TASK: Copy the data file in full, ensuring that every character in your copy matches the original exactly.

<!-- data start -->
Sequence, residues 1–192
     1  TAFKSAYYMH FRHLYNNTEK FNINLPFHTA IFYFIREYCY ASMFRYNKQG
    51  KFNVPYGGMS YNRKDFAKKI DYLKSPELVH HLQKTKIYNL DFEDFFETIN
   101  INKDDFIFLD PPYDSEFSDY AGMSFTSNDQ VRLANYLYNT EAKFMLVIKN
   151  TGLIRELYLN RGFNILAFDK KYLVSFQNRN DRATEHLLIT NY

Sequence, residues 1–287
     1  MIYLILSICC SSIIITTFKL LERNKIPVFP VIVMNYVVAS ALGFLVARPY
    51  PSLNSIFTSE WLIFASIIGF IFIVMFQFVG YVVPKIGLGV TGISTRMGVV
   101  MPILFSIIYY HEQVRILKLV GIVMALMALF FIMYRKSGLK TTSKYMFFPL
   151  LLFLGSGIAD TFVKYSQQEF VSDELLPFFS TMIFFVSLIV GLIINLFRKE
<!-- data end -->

Sequence, residues 1–192
     1  TAFKSAYYMH FRHLYNNTEK FNINLPFHTA IFYFIREYCY ASMFRYNKQG
    51  KFNVPYGGMS YNRKDFAKKI DYLKSPELVH HLQKTKIYNL DFEDFFETIN
   101  INKDDFIFLD PPYDSEFSDY AGMSFTSNDQ VRLANYLYNT EAKFMLVIKN
   151  TGLIRELYLN RGFNILAFDK KYLVSFQNRN DRATEHLLIT NY

Sequence, residues 1–287
     1  MIYLILSICC SSIIITTFKL LERNKIPVFP VIVMNYVVAS ALGFLVARPY
    51  PSLNSIFTSE WLIFASIIGF IFIVMFQFVG YVVPKIGLGV TGISTRMGVV
   101  MPILFSIIYY HEQVRILKLV GIVMALMALF FIMYRKSGLK TTSKYMFFPL
   151  LLFLGSGIAD TFVKYSQQEF VSDELLPFFS TMIFFVSLIV GLIINLFRKE